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Bentley - Forbes Consulting Rankings

The prestigious Bentley Forbes Consulting rankings for 2017 - 2018 are out.  The rankings present a snap shot of the financial stability and sustainability of 16 of the 18 first class counties.  The rankings for 2016 - 2017 and some comments on methodology are here.

So without further ado: the rankings: {Please imagine a drum roll at this point}



CountyProfitAssetsRankingPositionMove
Surrey163.51Level
Glamorgan5342Up 11
Somerset274.53Level
Essex8254Down 3
Leicestershire7565Up 1
Nottinghamshire4865Down 2
Sussex1417.57Level
Worcestershire31388Up 2
Northamptonshire1348.59Up 3
Gloucestershire612910Up 1
Kent1099.511Down 2
Derbyshire9109.511Down 4
Durham11111113Up 1
Yorkshire12161414Up 1
Warwickshire16141515Up 1
Lancashire15151516Up 1

A few points to note. The counties reviewed have declined from 17 to 16, compared to 18 first class counties. As in the 2016 / 2017 rankings Hampshire are excluded as the county cricket operation is a 100% subsidiary of a company owned by Rod Bransgrove and disentangling the cricket entity from the business operations looks as if it would be complicated. Additionally Middlesex has not filed any accounts with the Financial Conduct Authority (The regulator for mutual companies) since the last rankings were prepared. The most recent set of  available accounts for Middlesex are for 2015. Rather than plugging outdated data into the rankings I've left them out for the moment, but will, hopefully, update when accounts are filed. Some counties (Yorkshire for instance) have been busy and filed two sets of accounts since the last table.  I've used the most recent set of figures.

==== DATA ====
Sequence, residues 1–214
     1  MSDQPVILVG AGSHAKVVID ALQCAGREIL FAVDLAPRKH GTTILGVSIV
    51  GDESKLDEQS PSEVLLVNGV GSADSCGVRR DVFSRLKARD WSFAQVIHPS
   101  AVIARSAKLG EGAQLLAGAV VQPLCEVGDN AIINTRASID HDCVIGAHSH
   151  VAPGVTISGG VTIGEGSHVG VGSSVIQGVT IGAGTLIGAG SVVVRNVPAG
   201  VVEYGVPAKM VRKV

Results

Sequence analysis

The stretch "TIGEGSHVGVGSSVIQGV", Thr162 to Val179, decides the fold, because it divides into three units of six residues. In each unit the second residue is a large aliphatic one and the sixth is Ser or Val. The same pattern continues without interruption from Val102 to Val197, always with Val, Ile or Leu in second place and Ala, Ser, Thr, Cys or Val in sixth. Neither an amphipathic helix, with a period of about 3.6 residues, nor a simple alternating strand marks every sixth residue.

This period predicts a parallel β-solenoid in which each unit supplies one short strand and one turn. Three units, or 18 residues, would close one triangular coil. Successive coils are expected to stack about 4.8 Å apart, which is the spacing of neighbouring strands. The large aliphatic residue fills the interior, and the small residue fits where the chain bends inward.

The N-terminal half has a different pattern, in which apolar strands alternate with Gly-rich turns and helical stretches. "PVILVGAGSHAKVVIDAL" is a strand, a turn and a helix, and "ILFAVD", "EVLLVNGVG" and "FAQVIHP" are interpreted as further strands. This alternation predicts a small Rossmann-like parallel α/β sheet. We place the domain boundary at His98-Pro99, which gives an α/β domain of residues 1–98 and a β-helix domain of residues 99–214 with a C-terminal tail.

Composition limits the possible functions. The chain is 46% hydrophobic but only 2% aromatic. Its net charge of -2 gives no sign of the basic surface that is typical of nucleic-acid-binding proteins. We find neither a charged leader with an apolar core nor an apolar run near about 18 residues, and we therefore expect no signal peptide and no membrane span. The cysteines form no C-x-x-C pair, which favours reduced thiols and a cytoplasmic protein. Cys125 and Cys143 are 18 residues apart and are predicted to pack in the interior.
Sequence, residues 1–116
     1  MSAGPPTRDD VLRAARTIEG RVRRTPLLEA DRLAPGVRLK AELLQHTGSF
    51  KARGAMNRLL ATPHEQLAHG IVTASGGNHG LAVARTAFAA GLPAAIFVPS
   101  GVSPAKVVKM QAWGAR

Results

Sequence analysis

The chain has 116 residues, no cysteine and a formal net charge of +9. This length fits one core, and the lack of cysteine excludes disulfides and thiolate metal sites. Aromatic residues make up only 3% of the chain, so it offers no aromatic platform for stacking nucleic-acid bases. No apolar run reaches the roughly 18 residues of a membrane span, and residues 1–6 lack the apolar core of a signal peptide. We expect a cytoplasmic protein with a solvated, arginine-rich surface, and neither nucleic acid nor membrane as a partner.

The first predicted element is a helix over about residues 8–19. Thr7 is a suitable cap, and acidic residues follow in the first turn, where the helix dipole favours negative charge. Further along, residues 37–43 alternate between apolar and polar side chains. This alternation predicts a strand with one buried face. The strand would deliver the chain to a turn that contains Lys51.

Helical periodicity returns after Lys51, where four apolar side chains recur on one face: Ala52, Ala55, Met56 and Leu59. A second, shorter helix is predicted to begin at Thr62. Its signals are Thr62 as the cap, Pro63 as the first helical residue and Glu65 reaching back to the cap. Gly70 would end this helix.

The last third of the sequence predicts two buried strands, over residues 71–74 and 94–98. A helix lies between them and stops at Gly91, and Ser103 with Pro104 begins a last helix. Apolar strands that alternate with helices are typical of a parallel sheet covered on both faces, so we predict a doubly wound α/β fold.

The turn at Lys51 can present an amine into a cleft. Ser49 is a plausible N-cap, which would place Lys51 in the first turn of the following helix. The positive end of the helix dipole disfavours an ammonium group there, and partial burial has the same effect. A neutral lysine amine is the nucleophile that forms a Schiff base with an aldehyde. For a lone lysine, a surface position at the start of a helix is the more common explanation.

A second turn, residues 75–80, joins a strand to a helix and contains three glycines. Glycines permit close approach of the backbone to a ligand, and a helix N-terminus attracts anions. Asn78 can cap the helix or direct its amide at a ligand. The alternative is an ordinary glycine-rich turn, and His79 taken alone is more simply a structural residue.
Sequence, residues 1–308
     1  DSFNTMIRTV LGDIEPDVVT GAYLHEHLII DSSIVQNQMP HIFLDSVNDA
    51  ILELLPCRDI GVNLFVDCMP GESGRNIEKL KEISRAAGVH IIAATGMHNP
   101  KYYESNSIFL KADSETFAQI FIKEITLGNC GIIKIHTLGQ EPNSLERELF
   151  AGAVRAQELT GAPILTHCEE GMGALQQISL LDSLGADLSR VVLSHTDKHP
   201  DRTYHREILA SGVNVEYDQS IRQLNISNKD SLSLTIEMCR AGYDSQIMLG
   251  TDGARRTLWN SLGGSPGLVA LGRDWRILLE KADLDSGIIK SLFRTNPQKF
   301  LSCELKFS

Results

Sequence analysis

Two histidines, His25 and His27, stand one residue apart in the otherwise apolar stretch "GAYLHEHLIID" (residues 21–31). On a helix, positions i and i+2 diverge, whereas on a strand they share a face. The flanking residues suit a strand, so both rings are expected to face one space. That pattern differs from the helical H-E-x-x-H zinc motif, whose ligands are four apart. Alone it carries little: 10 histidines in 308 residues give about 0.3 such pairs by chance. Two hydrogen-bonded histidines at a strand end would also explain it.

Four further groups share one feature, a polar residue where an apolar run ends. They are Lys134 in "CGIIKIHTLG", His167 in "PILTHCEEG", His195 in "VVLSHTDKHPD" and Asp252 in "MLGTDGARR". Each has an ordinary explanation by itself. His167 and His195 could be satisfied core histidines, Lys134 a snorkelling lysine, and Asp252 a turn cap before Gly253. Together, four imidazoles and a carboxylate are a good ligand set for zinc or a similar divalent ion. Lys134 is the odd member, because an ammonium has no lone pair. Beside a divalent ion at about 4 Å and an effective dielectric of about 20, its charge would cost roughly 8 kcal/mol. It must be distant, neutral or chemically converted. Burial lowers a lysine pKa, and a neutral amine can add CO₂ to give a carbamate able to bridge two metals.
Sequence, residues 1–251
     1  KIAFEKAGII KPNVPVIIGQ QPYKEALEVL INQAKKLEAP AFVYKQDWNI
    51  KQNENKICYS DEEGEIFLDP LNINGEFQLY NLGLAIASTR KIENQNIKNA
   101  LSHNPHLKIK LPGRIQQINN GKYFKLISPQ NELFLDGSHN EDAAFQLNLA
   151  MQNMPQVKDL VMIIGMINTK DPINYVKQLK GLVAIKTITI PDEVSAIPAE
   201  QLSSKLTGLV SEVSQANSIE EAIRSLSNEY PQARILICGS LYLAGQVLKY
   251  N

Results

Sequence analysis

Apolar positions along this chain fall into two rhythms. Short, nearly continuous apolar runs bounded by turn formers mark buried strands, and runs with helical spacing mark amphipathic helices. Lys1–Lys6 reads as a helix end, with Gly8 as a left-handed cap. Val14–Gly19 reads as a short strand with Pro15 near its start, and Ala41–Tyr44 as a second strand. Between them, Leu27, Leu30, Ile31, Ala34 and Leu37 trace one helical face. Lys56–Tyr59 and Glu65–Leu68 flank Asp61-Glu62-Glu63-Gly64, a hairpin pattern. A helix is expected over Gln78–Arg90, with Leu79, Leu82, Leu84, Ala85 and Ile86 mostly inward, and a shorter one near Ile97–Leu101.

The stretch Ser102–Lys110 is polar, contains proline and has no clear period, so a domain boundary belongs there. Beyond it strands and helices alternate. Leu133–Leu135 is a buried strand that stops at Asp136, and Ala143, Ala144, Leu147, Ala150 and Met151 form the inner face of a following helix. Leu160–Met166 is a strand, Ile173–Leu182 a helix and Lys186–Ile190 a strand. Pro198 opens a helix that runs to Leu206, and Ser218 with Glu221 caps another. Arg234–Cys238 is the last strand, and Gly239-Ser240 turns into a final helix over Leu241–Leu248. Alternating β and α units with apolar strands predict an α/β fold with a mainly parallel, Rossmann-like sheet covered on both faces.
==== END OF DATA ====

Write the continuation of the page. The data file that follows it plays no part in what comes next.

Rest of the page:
As in previous years I have tried to standardise profits by averaging across four years and excluding the one off £2.5m paid to Glamorgan and Durham by the ECB and Glamorgan's profit from redeeming debt at less than face value. 

There have been a couple of interesting developments in this years figures.  Firstly Northants have a new corporate structure.  A group of members have contributed cash of £1m+ to set up a holding company which owns the county cricket club, which itself has changed from a mutual to a company limited by guarantee.  I have treated the £925k lent interest free from the holding company to the "county" as if were not debt at all.  That is I'm assuming the loan won't be repaid and is doing the job of share capital.  Secondly Durham have been the subject of high profile bail out by the ECB.  As a part of the resolution Durham County Council converted a £3.7m loan into preference shares.  The preference shares don't pay any dividends but are repayable within 10 years. As I assume Durham will have to pay the council at some point I have included the preference shares as debt.

In terms of significant movements Glamorgan are obviously the star performers which is explained here.  Although the ups and downs are quite fun it is against a back drop where most counties are getting better off and I'll do an additional state of the game post as and when I get the time.  The bottom three, all metropolitan counties with big grounds, are becoming marooned from the group above.

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